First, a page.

There’s been a growing voice from some Christians in the UK about fears that the church is being marginalised and even that individual Christians are being persecuted for their religious beliefs.
However, when you look at the question of persecution, you recognise that in other parts of the world there is real oppression of Christians.
A major report from the Church of Scotland’s World Mission Council for this year’s General Assembly analyses some of the most troubled parts of the world.
So it is important to maintain a bit of perspective.
The Church here still has a great deal of status, based on things to do with the traditions and history and culture of the society we live in.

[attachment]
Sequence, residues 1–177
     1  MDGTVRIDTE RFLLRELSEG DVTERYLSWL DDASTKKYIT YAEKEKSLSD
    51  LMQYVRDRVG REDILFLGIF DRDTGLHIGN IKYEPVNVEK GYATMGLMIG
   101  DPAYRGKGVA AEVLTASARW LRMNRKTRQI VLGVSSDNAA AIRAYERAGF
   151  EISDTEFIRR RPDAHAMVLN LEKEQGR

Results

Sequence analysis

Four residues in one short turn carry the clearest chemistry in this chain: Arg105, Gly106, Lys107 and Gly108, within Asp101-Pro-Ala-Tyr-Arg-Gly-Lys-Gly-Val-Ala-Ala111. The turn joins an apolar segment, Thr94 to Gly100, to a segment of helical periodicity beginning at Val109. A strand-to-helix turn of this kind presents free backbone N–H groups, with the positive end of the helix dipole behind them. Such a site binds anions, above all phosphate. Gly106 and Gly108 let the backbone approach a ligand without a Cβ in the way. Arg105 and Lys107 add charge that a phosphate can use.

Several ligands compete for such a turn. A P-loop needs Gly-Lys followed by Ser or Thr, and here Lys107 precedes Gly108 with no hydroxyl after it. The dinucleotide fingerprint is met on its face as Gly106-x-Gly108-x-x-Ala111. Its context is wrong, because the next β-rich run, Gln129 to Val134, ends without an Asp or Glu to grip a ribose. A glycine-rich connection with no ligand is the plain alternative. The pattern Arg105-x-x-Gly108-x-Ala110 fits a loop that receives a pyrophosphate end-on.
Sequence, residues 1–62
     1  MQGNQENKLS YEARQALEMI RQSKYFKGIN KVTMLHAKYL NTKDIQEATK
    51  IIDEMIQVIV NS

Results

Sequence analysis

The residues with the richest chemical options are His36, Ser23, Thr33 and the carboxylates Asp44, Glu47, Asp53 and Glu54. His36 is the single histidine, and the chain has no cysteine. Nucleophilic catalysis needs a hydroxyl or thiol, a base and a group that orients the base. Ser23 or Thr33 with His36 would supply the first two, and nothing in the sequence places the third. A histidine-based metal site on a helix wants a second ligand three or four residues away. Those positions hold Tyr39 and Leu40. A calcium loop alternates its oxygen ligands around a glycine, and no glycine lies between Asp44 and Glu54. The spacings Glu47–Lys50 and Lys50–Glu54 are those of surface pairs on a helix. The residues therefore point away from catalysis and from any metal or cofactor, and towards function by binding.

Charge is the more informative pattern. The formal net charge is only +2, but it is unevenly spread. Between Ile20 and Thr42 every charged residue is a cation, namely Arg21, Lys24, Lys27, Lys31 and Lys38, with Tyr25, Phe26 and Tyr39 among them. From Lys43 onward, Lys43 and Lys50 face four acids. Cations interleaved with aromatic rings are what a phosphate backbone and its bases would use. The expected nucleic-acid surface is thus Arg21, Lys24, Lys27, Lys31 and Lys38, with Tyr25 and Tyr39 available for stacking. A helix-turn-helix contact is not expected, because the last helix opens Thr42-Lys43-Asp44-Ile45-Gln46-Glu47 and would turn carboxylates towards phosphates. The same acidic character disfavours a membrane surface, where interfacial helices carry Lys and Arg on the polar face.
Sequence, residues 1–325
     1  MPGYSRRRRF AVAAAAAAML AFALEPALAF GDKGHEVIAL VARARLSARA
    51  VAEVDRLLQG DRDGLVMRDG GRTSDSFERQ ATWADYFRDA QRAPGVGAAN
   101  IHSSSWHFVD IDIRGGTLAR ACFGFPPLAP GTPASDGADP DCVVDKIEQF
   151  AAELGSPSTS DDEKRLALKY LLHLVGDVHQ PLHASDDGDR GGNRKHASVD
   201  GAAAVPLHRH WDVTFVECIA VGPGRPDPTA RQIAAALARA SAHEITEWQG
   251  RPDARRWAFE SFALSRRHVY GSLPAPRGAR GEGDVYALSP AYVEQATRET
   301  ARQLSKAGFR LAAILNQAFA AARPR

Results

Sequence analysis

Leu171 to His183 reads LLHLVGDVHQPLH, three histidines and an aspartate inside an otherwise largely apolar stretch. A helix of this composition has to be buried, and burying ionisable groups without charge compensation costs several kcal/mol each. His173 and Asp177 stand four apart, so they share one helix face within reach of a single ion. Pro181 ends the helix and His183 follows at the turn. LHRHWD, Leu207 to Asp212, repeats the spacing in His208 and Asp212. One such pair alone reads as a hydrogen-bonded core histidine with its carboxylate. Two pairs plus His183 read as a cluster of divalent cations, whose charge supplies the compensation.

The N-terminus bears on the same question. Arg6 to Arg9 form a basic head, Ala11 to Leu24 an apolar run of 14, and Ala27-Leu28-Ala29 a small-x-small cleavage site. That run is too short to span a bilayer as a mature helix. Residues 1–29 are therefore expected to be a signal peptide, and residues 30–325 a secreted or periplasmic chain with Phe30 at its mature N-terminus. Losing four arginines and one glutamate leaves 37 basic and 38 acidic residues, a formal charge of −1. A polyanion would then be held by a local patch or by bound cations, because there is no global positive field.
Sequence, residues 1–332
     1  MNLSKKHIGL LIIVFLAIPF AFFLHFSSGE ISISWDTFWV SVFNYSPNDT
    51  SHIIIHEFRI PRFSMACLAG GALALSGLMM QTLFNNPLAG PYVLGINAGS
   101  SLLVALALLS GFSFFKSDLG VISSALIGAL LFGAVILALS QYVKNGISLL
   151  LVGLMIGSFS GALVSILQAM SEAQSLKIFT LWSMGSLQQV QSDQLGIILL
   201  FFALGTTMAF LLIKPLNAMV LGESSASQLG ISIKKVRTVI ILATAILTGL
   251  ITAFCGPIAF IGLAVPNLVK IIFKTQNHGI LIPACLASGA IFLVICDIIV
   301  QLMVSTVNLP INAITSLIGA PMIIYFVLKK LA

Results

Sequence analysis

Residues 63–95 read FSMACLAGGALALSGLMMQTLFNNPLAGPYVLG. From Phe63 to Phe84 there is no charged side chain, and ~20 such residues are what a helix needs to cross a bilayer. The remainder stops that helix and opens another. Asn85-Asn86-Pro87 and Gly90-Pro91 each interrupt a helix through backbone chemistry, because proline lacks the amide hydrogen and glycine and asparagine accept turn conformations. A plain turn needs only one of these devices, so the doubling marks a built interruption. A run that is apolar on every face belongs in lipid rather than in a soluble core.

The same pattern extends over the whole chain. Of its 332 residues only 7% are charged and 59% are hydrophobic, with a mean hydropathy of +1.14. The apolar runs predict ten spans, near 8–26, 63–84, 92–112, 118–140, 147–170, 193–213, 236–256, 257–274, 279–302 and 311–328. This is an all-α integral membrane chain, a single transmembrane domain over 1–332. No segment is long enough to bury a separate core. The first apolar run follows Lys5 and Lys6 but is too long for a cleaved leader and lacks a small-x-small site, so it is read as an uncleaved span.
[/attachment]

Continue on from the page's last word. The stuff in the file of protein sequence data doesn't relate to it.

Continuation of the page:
However, the society we live in is always changing, and the changes mean we need to reaffirm our role and the principles and values that we stand for.
The origins of the Church was at the margins. Maybe we should be more focused at getting back to the margins to find a new way forward, rather than trying to claim that we deserve special protection or privilege. Our priority is to stand alongside the poor, not to be obsessed by litigation. Awareness of the scale of persecution around the world should be our call to action, rather than the personal concerns individuals in this country who fear a diminishing of their own influence.
Where Christians find themselves unable to work for a particular employer because of their convictions, rather than immediately blaming the situation on ‘rampant secularisation’, perhaps they should first examine their own thoughts.
Steve Clifford’s article in The Independent makes the same point – “Every case builds the wall a little higher and the disconnect between Church and society grows.” A similar point has been made by several Christian-based political organisations in the run-up to the General Election regarding the widely-derided ‘Westminster Declaration 2010’.